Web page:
How to get a mortgage if you have bad credit
Have you missed a mobile phone payment, or some credit card, loan or mortgage payments? Maybe you’re in some kind of debt repayment arrangement or have County Court Judgments against you? Perhaps you’re young or are just starting to earn a regular income and have no credit history yet. Whatever the reason for being in this situation, your credit record will make getting a mortgage more difficult. However, the good news is ‘bad credit mortgages’ are available. Follow these seven steps, and you can increase your chances of getting approved.
1. Get copies of your credit reports
In the UK, there are three credit reference agencies (CRAs) that lenders use when assessing applications for credit: Equifax, Experian and Callcredit. CRAs work with banks, building societies, mobile phone retailers and other businesses and help them make quick decisions on whether the person applying for credit is likely to pay back. The types of information they store include your electoral roll details, any court records, your address data, account data and records of previous credit searches.
You can now obtain your full statutory credit report for free using the links above to contact the agencies directly.
2. Correct any mistakes on your credit reports
Once you have your reports, check that all the information they have about you is correct. If you spot any mistakes, such as wrong addresses, incorrect bank details or even fraudulent applications made in your name, you should write to the credit reference agency and ask for it to be corrected immediately. Make sure you include an explanation of why it’s wrong and provide evidence if you can.
An agency must start an investigation within 45 days of a free annual credit report request, and has 5 days to notify you of the results after completing an investigation. Accurate information cannot be removed, but providing you have enough evidence, you can dispute any of the information on your credit report.
3. Improve your credit scores
You can improve your credit rating right now by taking these three steps:
- Get on the electoral register. If your name’s not on the register, you’ll find it much harder to get credit. You can register to vote online.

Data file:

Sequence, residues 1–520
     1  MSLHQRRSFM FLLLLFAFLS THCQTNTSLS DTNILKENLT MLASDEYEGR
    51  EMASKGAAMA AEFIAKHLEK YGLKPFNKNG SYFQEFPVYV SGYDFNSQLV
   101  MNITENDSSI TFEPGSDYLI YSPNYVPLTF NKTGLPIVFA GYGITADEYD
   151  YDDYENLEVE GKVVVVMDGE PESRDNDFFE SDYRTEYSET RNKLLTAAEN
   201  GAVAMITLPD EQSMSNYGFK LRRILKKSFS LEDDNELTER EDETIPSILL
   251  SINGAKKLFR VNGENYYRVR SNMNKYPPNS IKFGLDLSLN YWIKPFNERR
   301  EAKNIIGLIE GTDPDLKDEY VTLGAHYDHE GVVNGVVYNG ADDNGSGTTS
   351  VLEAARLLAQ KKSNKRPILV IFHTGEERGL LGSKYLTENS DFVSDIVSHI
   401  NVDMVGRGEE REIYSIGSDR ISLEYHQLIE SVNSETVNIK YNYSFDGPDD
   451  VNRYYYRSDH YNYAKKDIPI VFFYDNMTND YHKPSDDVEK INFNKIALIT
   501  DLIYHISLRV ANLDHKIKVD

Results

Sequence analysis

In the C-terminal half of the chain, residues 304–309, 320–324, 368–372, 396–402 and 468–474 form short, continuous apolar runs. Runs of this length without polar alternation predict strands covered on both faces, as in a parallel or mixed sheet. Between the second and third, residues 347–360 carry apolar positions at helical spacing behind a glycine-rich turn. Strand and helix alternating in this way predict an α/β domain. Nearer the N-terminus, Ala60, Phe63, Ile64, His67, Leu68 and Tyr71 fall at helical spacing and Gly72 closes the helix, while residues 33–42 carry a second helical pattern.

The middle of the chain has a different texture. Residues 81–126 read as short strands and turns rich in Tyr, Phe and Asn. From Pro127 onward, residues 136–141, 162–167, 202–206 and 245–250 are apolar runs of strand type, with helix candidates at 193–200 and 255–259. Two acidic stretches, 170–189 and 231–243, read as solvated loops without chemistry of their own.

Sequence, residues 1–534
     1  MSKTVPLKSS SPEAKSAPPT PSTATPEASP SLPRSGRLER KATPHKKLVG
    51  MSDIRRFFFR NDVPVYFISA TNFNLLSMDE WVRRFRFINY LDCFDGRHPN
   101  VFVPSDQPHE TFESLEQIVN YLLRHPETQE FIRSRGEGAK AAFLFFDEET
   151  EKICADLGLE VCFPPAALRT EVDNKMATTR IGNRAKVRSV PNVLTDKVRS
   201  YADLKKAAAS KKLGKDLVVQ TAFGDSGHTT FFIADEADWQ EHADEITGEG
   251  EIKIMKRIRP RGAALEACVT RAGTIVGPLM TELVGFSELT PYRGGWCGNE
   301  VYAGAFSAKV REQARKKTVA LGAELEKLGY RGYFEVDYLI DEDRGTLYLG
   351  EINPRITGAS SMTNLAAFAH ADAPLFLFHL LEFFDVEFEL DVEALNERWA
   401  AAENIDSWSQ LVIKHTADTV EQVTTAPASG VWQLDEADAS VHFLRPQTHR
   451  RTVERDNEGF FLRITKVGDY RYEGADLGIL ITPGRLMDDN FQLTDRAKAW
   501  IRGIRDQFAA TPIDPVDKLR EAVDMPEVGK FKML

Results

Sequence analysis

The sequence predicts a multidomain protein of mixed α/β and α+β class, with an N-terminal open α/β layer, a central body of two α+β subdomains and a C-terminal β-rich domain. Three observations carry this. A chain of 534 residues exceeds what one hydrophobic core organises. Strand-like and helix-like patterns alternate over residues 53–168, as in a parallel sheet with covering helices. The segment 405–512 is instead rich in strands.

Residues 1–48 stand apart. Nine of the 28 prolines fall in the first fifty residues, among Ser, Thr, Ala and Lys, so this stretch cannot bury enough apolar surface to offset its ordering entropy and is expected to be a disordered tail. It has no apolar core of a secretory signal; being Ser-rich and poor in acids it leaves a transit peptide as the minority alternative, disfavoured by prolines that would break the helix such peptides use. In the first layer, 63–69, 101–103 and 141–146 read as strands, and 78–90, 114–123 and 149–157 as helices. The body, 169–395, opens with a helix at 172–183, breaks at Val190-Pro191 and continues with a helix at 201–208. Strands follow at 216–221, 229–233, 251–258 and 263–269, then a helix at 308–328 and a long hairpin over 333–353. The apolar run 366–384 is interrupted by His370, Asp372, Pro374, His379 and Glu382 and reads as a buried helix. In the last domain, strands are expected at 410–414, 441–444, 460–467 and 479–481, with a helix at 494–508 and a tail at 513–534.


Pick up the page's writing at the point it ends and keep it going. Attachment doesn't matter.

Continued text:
- Make no more credit applications. Applying for lots of credit all at once will negatively affect your score. Wait until you’ve sorted out any problems on your file and improved your score before applying for a mortgage.
- Cancel unused credit cards. Lenders look at how much credit is available to you, so reducing this amount will help your cause.
Over the longer term, taking these two steps can help you boost your credit scores further:
- Pay bills on time. Even if you’re struggling, try to never miss a payment as it could cause you problems for years. Set up direct debits to make sure you never forget. And if you’re in real difficulty, contact the lender to see if they can change your repayment schedule.
- Get a ‘credit rebuild’ card. Credit rebuild cards are for people with bad or no credit and are designed to boost their credit score. Their APRs are usually high so make sure you only spend a little and repay in full each month. Take a look at Money Saving Expert’s Guide to Credit Rebuild Cards to find out more, and for their top picks.
4. Speak to a New Homes Mortgage Adviser (NHMA)
In the past, if you had a bad credit history, you needed to apply to a specialist lender. Nowadays, in the current market, some mainstream lenders are offering credit to people with minor blemishes on their credit history. It’s worth enquiring with them, but if you are worried that your credit history might stop you from getting the mortgage you want, it’s best to seek advice from a New Homes Mortgage Adviser (NHMA) on the best course of action to take.
5. Ensure you can afford a mortgage
A mortgage is a huge commitment – particularly if you have had trouble keeping up with payments in the past. Before applying for any mortgage, you need to be sure you can afford the deposit and the mortgage repayments. Remember that not owning a home is better than getting a home repossessed. A New Homes Mortgage Adviser (NHMA) can help and will take the load of your shoulders. They will ensure that you don’t overstretch yourself or get into unnecessary difficulty.
6. Visit a mortgage broker
There are now lenders in the UK specialising in offering mortgages to borrowers with a poor credit history. Your best bet for finding the right lender for your circumstances is most likely to talk to a mortgage broker.
A good broker can search across the market for lenders on your behalf and source the best deal to meet your history, current income and requirements. Best of all, they know the providers’ lending criteria so they can tell you which mortgages you’re most likely to get accepted for.
7. Keep improving your credit scores
Once you have secured a mortgage, you need to work extra hard to ensure you never miss a repayment. As a general rule, your credit rating will be back in good health if you continue to pay your mortgage and other bills fully and on time. When your credit rating has recovered, you may be able to remortgage and get a conventional mortgage loan with a much lower interest rate.
Think carefully before securing other debts against your home. Your home or property may be repossessed if you do not keep up repayments on your mortgage.
The content of this article is not tailored to your individual circumstances and therefore should not be taken as financial advice.